Saturday, March 03, 2007

Nanna Kathe - V

Ninth standard. That year, I can never forget, for many reasons. One of them being our Kannada teacher H S Sriramakrishna. With excellent teaching and speaking skills, he taught us more than Kannada. He amazed us by showing us how each and every alphabet in Kannada can be written by having a circle as the base. He mesmerized us with stories of his idyllic childhood in his native village. His class would never bore us as his lectures were always filled with rip-roaring humour. And it was humour at it’s best.(Incidentally it was he who told us for the first time, about BeeChi-a master of satire that Karnataka produced.). We could never stop laughing in his class. And when it came to laughing, no one could match Swaroop as he could not stop laughing even a few minutes after the class had become silent.

Silence was infact the one of that many facets of my reaction when I was hit by a cricket ball on that part of the body where being hit hurts men most. And it was during a cricket match that we were playing. Behind the wickets to collect the cricket ball thrown from a distance by Arvind, I was hit by the ball when it avoided my hands and hit straight at the centre. Notwithstanding my pain, inhumane people of our class on that field laughed. I suffered in pain, blamed Arvind solely for what happened, wondered what will happen (though I am perfectly alright to this day) to me and also made an impromptu announcement that I was retiring from this cruel game. This was a retirement that did not make headlines outside that cricket field solely because of the inefficacy of our media to have their ears to the ground. A school-cricketer with nearly double-digit batting average was left high and dry on the battlefield. Let alone the media, not even my classmates took my retirement news seriously. Such things happen only to courageous and determined souls was amply demonstrated by me coming out of retirement a few months later and scoring runs as prolifically as ever.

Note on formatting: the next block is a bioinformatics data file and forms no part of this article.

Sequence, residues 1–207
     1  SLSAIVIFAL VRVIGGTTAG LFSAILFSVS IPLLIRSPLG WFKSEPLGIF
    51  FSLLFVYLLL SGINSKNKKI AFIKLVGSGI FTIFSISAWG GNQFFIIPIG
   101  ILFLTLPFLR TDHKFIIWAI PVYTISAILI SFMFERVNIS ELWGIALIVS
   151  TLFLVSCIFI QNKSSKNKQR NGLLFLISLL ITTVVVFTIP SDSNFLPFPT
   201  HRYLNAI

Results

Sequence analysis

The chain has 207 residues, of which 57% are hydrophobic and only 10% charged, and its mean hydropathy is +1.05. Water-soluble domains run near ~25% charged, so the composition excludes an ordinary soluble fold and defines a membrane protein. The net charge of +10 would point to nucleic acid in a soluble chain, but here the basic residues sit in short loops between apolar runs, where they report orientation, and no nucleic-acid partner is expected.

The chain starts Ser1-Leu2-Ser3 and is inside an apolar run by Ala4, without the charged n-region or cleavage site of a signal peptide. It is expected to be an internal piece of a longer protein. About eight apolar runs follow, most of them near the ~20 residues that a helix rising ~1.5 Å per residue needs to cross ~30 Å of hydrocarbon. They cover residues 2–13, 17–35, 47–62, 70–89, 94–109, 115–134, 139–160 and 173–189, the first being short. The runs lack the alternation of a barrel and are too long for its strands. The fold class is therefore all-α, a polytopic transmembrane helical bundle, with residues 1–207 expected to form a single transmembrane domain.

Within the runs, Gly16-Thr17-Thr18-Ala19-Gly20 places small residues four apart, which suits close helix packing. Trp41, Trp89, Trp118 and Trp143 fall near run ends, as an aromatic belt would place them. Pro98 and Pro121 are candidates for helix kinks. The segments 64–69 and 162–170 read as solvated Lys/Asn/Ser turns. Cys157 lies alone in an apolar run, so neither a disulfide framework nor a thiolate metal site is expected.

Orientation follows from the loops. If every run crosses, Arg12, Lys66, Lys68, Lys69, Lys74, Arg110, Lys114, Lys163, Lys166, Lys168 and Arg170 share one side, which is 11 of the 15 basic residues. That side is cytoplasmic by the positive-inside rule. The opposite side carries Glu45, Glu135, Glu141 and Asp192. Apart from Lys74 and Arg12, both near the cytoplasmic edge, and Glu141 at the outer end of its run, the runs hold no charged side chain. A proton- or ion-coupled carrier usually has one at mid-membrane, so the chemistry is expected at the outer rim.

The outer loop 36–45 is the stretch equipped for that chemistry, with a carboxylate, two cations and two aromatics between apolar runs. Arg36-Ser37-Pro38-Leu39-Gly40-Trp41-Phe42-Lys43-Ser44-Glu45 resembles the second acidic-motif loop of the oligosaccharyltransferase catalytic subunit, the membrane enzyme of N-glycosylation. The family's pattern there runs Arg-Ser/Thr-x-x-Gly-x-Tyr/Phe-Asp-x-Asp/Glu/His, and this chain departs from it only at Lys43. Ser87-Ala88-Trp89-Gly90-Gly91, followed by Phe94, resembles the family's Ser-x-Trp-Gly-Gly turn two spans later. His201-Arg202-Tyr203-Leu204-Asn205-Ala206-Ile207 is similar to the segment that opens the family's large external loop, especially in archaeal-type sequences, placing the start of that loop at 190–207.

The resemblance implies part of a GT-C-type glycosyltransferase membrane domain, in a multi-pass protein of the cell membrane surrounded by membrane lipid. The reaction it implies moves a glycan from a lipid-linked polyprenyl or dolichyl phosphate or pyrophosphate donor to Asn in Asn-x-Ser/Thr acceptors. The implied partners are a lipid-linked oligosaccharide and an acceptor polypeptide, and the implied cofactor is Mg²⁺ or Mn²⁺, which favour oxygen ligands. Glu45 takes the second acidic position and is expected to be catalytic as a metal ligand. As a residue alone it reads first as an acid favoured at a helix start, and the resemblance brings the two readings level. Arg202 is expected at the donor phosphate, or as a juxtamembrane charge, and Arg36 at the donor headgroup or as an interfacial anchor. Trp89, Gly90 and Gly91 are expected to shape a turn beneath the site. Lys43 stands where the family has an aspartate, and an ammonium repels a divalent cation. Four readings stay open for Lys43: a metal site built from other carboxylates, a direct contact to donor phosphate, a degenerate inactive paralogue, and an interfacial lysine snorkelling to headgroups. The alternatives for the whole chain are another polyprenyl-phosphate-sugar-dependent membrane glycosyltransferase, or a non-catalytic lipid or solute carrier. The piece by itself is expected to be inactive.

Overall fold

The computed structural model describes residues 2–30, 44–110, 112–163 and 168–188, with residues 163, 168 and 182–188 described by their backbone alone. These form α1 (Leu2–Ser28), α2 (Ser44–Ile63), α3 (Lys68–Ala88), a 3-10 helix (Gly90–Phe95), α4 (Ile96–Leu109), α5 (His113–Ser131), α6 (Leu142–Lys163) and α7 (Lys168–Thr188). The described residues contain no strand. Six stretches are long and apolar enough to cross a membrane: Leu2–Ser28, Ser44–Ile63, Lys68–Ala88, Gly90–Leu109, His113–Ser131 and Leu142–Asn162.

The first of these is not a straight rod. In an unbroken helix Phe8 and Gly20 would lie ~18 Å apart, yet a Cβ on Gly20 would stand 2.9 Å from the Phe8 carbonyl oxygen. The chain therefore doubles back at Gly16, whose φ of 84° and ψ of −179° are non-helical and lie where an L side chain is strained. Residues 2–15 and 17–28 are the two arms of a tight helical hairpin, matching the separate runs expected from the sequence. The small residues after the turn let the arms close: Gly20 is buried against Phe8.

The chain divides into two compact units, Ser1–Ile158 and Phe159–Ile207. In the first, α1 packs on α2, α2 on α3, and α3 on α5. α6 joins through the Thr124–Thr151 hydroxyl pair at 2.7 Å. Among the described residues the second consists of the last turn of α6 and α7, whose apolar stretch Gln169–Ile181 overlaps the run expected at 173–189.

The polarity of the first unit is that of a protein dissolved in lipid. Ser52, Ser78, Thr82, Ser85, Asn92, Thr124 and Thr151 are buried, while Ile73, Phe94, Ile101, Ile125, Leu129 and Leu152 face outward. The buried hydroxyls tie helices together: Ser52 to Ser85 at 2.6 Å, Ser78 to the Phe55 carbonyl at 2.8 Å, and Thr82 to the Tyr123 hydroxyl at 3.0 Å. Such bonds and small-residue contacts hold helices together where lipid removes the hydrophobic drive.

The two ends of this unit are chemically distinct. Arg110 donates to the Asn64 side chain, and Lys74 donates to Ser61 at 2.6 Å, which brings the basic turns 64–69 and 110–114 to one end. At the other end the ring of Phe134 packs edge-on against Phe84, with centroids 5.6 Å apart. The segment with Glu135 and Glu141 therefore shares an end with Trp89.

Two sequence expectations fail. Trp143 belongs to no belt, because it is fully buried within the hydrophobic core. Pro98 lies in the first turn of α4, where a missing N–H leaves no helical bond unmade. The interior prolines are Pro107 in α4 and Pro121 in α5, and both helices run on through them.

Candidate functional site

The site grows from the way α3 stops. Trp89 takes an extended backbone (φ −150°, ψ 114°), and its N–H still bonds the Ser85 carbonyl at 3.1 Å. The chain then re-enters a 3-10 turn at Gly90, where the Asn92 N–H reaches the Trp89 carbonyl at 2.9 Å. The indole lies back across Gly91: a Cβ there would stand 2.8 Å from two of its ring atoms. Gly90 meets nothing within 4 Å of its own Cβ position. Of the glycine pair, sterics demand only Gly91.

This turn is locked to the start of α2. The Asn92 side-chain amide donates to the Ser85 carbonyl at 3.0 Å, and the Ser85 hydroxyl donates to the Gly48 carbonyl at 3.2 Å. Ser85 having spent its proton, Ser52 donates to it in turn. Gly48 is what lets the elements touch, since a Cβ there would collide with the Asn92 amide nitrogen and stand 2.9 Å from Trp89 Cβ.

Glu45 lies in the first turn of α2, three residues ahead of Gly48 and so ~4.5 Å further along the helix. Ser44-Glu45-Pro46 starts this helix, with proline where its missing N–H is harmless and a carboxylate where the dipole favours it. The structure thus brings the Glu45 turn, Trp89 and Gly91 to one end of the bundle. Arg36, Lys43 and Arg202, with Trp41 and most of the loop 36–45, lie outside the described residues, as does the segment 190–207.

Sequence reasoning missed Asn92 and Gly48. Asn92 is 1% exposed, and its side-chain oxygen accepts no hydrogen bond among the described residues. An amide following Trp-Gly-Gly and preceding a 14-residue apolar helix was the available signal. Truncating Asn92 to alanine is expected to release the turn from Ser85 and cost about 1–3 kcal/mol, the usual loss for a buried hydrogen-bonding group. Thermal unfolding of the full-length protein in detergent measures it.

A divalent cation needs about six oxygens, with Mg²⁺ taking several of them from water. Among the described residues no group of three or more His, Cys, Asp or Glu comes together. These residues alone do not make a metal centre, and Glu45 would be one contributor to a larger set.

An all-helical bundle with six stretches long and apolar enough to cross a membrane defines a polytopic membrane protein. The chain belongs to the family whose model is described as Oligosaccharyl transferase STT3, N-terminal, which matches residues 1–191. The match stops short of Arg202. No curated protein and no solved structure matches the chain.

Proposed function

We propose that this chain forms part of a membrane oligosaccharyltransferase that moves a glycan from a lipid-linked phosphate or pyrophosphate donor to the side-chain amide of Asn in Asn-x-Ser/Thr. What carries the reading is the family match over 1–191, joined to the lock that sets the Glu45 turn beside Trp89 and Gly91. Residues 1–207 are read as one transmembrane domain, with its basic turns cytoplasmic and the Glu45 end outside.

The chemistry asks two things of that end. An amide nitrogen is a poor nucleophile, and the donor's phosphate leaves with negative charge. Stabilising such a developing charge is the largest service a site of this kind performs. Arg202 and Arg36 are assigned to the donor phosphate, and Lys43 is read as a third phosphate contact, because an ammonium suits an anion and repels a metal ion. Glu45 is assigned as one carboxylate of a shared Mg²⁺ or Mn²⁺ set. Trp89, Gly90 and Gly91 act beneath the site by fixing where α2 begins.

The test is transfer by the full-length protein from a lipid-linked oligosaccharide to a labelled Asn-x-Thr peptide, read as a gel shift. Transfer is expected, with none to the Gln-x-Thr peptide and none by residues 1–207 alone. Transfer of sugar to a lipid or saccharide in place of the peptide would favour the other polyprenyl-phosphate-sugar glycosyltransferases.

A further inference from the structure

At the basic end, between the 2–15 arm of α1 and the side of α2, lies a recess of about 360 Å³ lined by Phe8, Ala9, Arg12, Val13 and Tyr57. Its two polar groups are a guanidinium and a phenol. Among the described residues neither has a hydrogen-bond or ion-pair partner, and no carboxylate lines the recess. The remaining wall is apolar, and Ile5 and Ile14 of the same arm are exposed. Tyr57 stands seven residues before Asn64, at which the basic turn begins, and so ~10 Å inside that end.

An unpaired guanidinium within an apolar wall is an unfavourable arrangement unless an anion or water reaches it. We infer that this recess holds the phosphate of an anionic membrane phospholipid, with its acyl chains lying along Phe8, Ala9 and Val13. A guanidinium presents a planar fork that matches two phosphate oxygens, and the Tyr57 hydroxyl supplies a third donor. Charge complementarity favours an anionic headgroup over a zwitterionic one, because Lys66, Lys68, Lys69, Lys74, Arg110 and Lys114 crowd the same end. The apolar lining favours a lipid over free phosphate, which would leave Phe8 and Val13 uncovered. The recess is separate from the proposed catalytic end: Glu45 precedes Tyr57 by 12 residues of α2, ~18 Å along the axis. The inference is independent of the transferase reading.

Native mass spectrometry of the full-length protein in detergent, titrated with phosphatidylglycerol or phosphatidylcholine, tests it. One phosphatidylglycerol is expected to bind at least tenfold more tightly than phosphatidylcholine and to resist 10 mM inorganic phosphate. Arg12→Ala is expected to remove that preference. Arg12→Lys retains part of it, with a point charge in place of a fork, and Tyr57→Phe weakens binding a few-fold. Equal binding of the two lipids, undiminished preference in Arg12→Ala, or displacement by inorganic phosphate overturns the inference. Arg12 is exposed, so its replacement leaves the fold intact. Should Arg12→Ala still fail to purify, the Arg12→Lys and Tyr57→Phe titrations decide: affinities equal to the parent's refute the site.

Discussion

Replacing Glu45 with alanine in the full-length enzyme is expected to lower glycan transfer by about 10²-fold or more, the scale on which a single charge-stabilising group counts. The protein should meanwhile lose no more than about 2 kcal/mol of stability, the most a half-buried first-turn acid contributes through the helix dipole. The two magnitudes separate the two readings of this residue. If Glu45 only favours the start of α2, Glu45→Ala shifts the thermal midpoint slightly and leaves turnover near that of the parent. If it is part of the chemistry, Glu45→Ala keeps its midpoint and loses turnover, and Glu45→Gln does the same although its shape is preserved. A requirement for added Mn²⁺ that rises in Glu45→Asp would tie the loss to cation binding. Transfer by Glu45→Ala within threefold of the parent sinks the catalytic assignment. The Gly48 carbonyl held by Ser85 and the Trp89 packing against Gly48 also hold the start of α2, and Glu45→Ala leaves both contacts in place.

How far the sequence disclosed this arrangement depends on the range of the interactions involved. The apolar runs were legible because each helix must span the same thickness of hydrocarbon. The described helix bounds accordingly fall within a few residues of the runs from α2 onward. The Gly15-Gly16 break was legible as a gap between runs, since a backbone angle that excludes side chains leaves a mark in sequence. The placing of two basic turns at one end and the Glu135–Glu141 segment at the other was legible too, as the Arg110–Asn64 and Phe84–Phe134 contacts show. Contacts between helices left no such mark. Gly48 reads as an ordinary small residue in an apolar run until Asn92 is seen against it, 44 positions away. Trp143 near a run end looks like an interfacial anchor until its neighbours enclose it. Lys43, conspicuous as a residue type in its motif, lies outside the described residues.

One more unforgettable funny incident in ninth standard was when I took the Vedic Maths exam. It was for hundred marks. It was so easy that almost all those who took the exam scored 99 or 100. I scored 99 because I did not answer the question which asked us to name the organization conducting the exam. Later I came to know that it was there on the question paper itself. How much more an idiot can one be!

Perhaps that was the reason why we played ‘games’ like pen-fight wherein you had to strike out of the table the opponent’s pen using your pen. Pen, as they say, is mightier than the sword. Probably this was the reason why two girls – Chandana G and Chandana P – were apparently irritated (though it was a kind of fear they did not admit) by pens, which were jolted out of the playing arena (table), and falling near them or their bench. But we did not care for such weak-hearted souls. And the game, as they say, went on.

Life too moved on. To where? Only time would tell. But in our journey through ninth standard such mathematical discoveries with world-changing potential like ‘x = half infinity’ were made; This particular discovery by me and Arjun. Being a few centuries ahead of our time, ironically, turned against us. Incomprehension on their part led and is leading ordinary mortals to believe that this discovery was flawed. As I say often, value of great souls is not realized by their contemporaries. But that doesn’t diminish their greatness. Does it?